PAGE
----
Charity Exec May Turn Himself In
DUBLIN, Ohio (AP) _ An American Cancer Society executive sought by the FBI for allegedly stealing $6.9 million raised by volunteers will turn himself in, his attorney said Wednesday.
Attorney Kevin Durkin would not say where Dan Wiant was or when he would come back to the Columbus area.
``All I care right now is that he’s coming back,″ said Durkin, who said he spoke to his client by phone.
Wiant, 35, who oversaw computer and financial operations for the charity’s Ohio chapter, is charged with bank fraud. If convicted, he could be sentenced to 30 years in prison and fined $1 million.
Wiant is accused of having a bank wire $6.9 million of the charity’s money to an account in Austria. According to a complaint the FBI filed Tuesday in U.S. District Court, he allegedly took the money, then told his wife on Friday that he was never coming home. The couple live in Raymond, about 40 miles northwest of Columbus.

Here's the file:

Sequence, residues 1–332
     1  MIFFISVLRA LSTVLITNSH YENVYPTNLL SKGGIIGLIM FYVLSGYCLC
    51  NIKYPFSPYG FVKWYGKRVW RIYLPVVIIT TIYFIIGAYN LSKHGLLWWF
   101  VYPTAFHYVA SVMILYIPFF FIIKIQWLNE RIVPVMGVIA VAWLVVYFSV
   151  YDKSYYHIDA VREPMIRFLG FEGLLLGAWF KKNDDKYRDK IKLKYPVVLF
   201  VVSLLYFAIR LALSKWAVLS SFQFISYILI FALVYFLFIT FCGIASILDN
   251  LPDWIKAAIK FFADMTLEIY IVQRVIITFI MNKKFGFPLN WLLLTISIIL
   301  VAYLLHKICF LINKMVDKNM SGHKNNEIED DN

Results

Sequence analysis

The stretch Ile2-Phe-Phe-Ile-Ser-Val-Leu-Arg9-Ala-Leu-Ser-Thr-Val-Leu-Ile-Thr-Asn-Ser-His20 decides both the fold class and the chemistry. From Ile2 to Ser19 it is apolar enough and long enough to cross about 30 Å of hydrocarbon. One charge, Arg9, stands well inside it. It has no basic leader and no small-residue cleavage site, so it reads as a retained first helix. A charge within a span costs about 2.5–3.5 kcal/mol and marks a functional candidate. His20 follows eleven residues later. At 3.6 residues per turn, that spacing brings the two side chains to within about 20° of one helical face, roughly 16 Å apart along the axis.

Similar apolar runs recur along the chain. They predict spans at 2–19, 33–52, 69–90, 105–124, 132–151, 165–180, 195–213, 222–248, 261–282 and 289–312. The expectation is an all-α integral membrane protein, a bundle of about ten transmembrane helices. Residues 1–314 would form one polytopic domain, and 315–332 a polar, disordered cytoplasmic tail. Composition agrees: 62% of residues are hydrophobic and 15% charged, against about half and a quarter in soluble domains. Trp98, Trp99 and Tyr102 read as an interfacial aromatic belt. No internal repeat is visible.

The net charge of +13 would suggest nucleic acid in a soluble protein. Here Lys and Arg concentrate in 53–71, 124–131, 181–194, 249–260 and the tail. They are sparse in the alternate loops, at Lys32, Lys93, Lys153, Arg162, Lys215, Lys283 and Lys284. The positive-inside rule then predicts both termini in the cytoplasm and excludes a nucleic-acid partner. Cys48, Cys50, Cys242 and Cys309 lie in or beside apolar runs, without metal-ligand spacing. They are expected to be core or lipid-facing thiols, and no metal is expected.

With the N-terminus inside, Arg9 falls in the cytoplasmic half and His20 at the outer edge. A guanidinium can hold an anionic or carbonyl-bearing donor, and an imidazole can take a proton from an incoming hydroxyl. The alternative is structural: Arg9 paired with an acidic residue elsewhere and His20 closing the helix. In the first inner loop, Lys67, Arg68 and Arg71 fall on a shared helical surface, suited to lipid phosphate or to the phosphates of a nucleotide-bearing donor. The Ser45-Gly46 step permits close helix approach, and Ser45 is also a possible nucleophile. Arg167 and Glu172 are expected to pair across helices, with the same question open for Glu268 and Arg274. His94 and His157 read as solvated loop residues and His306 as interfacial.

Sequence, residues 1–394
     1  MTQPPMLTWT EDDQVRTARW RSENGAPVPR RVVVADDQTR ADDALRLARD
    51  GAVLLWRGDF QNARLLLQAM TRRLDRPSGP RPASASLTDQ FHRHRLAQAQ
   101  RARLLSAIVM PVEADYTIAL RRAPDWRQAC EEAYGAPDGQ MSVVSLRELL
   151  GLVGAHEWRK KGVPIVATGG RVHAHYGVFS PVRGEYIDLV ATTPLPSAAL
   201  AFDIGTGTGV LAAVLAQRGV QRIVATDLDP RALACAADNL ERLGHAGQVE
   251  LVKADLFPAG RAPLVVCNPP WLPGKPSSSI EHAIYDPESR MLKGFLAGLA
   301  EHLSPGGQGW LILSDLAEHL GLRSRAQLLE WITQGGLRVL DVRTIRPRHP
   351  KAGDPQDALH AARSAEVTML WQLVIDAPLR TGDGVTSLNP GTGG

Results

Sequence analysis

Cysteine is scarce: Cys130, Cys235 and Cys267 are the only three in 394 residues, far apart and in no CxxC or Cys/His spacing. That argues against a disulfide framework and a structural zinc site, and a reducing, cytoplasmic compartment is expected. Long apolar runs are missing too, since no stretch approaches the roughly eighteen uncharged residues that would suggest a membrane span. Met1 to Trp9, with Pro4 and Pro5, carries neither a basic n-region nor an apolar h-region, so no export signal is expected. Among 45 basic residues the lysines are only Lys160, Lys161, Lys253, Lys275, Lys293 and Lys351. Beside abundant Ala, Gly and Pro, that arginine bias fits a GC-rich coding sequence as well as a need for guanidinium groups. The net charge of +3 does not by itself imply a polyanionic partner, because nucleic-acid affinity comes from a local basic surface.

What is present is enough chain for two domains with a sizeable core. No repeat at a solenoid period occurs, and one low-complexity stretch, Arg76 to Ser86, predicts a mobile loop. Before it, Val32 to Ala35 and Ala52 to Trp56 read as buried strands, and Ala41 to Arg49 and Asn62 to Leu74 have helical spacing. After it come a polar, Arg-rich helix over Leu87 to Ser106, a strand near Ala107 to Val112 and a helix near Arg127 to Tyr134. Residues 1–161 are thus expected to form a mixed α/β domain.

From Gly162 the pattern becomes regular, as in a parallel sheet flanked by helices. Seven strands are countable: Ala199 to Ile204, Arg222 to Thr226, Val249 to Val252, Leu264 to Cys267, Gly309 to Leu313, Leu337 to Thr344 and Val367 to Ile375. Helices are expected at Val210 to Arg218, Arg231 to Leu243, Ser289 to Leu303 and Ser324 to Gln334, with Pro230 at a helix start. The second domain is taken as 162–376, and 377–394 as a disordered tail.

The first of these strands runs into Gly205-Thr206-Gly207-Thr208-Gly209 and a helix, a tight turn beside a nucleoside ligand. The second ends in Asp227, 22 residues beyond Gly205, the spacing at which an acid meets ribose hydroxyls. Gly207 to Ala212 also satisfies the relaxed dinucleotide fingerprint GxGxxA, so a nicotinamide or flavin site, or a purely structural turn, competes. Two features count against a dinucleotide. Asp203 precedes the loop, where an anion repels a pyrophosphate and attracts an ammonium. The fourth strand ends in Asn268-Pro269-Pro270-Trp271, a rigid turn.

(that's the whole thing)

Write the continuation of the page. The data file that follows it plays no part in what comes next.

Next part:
Wiant’s wife found a letter from her husband Saturday, telling her he had paid their debts with the money, the complaint said. It gave her instructions on how to find him if she ever wanted to.
Cancer Society records show that Wiant sent a letter to a Fifth Third Bank on May 30 asking that the money be sent to an account in Austria to a beneficiary called Dane, Forrest, Hawkins. The money was to be used for research grants.
Brian Lynch, an FBI supervisory special agent in Columbus, would say only that authorities were trying to find Wiant. He would not say how agents learned of the alleged theft.
``At this point we still have a lot of things to do and a lot of investigating left,″ he said.
Wiant has worked for the Cancer Society for six years.
The missing money is among funds raised by about 100,000 Ohio volunteers through charitable events to support cancer research, public education and cancer prevention programs.
Cancer Society spokesman Harvey Schwartz said the agency was evaluating what can be done to improve current safeguards against theft. He said the organization expects to get the money back. Any money it does not recover is insured, he said.
It is the second alleged embezzlement at the Ohio chapter, Schwartz said. A woman, who has been fired, is accused of taking $150,000 in a case expected to go to a county grand jury. Schwartz said the cases are not connected.